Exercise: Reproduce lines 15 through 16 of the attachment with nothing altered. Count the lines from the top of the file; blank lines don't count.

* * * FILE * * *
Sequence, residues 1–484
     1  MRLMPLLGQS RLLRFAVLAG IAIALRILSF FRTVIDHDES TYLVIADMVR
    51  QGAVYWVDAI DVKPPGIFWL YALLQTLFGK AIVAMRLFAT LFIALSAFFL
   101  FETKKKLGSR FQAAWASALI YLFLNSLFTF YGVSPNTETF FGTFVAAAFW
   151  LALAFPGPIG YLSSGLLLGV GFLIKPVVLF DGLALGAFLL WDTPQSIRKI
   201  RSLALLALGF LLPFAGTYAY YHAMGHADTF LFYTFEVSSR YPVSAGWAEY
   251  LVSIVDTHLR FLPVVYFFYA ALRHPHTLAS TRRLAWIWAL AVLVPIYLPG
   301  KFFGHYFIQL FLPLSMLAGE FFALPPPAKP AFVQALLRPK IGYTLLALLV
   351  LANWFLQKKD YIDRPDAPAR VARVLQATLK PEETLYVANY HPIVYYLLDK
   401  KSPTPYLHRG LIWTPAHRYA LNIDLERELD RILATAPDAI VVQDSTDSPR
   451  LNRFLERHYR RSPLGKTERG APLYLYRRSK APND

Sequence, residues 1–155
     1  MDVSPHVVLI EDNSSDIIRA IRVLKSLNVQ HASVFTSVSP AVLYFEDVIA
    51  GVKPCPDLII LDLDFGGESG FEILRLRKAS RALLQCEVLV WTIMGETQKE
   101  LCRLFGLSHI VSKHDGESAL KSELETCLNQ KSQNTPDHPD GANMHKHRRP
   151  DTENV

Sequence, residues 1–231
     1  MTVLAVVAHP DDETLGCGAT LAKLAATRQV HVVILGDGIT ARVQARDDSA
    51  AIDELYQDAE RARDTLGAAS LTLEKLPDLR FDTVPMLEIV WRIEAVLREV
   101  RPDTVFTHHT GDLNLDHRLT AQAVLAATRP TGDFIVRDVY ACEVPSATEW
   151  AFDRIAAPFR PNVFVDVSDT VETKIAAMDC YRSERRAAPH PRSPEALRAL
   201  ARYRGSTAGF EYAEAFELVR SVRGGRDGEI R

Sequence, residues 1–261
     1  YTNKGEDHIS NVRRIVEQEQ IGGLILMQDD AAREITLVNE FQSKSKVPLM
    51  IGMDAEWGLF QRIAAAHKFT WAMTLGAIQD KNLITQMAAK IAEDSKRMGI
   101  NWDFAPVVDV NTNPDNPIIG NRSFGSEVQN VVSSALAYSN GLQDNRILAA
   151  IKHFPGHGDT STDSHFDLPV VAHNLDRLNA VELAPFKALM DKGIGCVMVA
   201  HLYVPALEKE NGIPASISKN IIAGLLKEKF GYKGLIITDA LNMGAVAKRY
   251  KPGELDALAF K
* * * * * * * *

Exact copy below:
   101  LCRLFGLSHI VSKHDGESAL KSELETCLNQ KSQNTPDHPD GANMHKHRRP
   151  DTENV